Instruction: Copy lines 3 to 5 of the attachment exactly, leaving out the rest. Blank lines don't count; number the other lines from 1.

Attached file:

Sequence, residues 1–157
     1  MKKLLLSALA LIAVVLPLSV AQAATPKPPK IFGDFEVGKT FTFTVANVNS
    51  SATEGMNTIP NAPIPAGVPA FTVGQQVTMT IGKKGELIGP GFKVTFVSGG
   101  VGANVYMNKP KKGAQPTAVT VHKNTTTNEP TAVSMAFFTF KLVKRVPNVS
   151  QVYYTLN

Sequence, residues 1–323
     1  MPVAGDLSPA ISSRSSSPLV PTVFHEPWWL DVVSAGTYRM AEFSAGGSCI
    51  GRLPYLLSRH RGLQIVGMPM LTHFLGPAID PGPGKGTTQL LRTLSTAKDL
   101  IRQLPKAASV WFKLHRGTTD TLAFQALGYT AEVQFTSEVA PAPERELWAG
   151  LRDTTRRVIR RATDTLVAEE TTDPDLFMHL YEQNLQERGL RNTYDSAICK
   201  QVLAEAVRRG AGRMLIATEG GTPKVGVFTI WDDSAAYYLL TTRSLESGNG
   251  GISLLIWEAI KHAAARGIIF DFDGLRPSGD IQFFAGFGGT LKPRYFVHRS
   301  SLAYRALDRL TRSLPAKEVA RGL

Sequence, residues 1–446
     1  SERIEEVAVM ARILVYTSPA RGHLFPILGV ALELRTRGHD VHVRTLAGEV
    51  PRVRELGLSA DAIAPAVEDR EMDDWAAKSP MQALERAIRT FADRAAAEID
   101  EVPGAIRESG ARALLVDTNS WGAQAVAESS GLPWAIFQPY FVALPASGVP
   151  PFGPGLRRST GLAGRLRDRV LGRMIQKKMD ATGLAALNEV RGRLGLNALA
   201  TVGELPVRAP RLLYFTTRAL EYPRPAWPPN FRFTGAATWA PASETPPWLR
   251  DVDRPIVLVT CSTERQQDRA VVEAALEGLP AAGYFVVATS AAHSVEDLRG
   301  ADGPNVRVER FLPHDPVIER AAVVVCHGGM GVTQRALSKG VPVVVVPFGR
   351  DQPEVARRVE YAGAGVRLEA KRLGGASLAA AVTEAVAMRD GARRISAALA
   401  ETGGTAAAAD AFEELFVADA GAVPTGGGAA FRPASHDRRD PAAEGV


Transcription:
    51  SATEGMNTIP NAPIPAGVPA FTVGQQVTMT IGKKGELIGP GFKVTFVSGG
   101  VGANVYMNKP KKGAQPTAVT VHKNTTTNEP TAVSMAFFTF KLVKRVPNVS
   151  QVYYTLN